Before we get into “pension freedoms”, how did they come about? Well basically, the decline in pension contributions over the last few decades has in many ways been caused by the decline in annuity rates and their perceived poor value.
However, annuities have one great benefit. They offer simple solution in a volatile world. You make decision to purchase and annuity and in return for which you get a guaranteed income for life.
Unfortunately, the income may not be what you’d like it would be. As a consequence of that, the government introduced pensions freedoms, which allows people to keep their pension funds invested and draw an income from them instead of having to buy the dreaded annuity. “Sounds great”, I hear you say. But is it really as good as it looks.
Just because you can, does not mean that it is a good idea for everyone
If it there to spend, then many people will. So, with pension freedoms comes responsibility and the need for understanding and control. Otherwise there is the very real possibility that many people will accidentally run out of money before they run out of life. Rather like running out of income, before the next pay day.
So, it’s going to be very important to ensure that a pension pot lasts a lifetime or other income kicks in. We are moving from a situation where the annuity provider had to make sure that funds could be paid until the end of a person’s life, to a situation where the individual has to ensure that they do not overspend or even lice too long.
In my opinion, having some form of guaranteed income is going to prove to be very important for many people.
If your income is entirely dependent on working out how much income you can afford to take and the performance of your investments, getting it right is going to be very important. You just are not going to be able to afford to get this wrong. For some retirees, they may have alternative incomes, such as buy-to-let income or defined benefit pension income, which will help offset the risk, but for others the potential rewards on offer thanks to pensions freedoms has to be weighed up very carefully against the potential risks.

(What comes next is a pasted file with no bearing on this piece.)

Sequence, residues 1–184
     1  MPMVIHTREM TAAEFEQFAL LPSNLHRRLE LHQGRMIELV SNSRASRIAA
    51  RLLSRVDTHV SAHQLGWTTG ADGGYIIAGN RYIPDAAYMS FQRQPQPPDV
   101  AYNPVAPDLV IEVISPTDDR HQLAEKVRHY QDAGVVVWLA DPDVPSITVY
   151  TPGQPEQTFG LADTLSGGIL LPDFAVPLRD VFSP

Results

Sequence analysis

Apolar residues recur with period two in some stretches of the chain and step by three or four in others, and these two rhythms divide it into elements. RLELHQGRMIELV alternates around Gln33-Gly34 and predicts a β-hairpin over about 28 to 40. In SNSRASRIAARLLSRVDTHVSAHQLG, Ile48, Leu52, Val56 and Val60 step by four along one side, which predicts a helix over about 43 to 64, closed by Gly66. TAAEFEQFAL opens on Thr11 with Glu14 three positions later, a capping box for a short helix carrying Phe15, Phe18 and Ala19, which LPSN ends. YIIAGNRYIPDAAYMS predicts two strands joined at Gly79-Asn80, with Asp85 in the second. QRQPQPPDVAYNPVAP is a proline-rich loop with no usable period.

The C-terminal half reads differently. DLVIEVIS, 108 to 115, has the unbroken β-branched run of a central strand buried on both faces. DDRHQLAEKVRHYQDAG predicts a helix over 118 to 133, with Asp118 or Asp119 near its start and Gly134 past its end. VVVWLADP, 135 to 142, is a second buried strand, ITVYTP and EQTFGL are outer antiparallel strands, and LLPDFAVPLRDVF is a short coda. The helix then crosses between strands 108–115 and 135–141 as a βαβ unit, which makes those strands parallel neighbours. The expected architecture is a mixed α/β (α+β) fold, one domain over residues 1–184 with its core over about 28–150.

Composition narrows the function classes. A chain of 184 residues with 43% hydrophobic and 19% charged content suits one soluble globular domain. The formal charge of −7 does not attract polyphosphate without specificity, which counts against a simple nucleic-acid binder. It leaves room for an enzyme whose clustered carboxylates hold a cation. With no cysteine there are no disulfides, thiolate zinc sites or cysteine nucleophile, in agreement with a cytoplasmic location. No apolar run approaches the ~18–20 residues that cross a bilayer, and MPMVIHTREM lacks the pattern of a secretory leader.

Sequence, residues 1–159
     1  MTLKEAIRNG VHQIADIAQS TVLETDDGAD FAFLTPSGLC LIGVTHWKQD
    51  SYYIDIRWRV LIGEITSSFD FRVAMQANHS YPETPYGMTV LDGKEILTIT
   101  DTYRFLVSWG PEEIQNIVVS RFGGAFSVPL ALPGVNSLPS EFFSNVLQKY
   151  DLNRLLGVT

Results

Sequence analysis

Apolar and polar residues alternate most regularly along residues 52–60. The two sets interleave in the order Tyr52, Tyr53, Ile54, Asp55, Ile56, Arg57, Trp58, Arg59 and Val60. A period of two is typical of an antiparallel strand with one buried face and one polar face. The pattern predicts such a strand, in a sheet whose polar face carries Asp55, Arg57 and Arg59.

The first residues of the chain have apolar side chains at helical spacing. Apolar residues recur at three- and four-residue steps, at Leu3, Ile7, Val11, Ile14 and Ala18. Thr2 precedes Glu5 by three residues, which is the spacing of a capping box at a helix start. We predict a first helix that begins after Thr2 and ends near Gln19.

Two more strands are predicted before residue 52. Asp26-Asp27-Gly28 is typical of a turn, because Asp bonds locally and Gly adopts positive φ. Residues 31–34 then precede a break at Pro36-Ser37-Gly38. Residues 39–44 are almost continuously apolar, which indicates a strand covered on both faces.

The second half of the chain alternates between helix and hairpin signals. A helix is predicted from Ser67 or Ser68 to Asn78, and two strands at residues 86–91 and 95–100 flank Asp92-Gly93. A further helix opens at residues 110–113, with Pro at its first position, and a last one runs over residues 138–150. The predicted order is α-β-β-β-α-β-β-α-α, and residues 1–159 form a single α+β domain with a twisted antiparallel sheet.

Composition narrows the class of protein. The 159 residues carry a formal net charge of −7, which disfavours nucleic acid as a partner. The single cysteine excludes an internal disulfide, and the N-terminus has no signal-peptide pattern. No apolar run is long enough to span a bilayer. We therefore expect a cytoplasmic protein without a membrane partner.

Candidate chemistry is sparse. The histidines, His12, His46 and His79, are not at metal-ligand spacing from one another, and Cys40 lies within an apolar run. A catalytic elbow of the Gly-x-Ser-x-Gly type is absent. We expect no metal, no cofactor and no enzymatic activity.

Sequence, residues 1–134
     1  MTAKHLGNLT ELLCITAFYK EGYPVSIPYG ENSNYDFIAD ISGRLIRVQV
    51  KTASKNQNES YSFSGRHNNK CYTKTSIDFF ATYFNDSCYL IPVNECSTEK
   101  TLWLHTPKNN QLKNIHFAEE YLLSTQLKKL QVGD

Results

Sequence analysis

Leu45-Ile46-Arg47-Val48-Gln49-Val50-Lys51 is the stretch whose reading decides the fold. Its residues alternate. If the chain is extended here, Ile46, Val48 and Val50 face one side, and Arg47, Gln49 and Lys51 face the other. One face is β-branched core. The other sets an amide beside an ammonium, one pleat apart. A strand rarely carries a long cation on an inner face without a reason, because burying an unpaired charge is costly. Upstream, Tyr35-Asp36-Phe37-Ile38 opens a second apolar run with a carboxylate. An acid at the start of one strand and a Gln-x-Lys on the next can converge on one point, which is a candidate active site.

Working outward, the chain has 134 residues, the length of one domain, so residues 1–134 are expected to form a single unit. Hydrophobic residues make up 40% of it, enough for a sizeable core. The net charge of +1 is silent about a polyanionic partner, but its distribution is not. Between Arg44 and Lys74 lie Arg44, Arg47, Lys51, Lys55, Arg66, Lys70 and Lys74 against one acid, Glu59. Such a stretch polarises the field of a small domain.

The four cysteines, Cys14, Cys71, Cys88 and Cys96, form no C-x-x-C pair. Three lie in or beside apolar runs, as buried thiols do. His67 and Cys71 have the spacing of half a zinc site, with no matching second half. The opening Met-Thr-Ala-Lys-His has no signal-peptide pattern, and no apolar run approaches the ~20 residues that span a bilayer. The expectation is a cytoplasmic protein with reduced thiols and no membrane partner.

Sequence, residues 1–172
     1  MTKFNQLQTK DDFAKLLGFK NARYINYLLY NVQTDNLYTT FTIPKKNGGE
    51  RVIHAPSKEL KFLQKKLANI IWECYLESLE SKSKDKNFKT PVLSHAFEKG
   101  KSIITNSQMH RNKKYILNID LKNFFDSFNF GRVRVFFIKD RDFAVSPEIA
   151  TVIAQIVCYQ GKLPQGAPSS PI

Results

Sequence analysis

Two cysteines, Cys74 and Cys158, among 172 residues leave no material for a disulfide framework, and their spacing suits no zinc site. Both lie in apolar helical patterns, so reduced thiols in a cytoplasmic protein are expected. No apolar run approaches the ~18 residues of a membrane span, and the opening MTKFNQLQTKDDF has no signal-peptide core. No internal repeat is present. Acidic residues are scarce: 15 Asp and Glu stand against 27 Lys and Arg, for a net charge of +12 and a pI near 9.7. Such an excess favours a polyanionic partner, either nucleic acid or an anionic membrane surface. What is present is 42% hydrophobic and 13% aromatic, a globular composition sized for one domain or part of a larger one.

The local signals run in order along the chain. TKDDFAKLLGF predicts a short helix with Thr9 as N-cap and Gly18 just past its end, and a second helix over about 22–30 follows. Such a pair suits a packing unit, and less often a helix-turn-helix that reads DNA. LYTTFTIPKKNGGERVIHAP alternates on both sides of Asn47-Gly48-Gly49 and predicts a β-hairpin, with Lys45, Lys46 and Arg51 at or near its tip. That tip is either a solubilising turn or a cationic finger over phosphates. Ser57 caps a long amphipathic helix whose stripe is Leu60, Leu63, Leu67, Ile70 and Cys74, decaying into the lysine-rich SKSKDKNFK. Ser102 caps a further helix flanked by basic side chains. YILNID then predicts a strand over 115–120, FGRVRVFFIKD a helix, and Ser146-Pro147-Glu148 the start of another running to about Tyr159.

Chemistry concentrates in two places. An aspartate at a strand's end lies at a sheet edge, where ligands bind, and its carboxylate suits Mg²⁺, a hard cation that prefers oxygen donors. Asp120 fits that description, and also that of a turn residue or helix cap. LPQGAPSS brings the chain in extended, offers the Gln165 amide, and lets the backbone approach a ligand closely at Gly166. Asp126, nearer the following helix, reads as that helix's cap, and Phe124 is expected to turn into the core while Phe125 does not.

So, what is the answer?
· Don’t ignore annuities
For all the bad press that annuities have, they should not be overlooked. Despite annuity rates being on a long-term decline, the offer a guaranteed income for life with no investment risk. Compared to deposit returns, the rates offered by annuity companies offer quite favourably.
· Guaranteed payment periods
If an annuity is going to make up part of your retirement income, the inclusion of a guaranteed payment period is very important to consider. Even if you were to die prematurely the income can continue to be paid to either your spouse or into your state. Guaranteed payment periods can now be for up to 30 years. Well worth considering.
· Sustainable income withdrawal rate
Inevitably many people will choose the “pension freedom” option. For this to work out in the long term and to not run out of money, taking cautious income withdrawals is going to be essential. Sustainable income withdrawals of around 3% will give you a better chance of not running out of money during your lifetime.
· Defer pension income/spend pensions last
At one time, when people reached retirement age they automatically started to take their pension benefits, as most people took their tax-free cash and purchased an annuity with the balance. Not so the case any longer. Because pension death benefits are now more favourable than ever, in that the residue can pass onto the next generation, leaving your pension fund to draw on later or last of makes a lot of sense. Under current pension legislation, the residue left in a pension fund is not liable to Inheritance Tax.
The new “pension freedom” rules have undoubtedly made pensions more attractive to many people, however caution needs to be exercised if people on not going to run out of money and find that they have to return to work in their mid-seventies or even older.
To make sure you don’t make a big mistake when starting to draw an income from your pension, my opinion is that it is essential to take advice from a professional financial adviser. If you get your calculation wrong the consequences are potentially enormous.
Contact Martin Dodd on 01902 742221 or email him at firstname.lastname@example.org if you would like talk about money issues.
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The contents of this article should not be regarded as specific advice. No responsibility can be accepted by Martin Dodd or Midlands Investment Agency Ltd., for any loss that may occur by a person acting or refraining from acting on the basis of this article.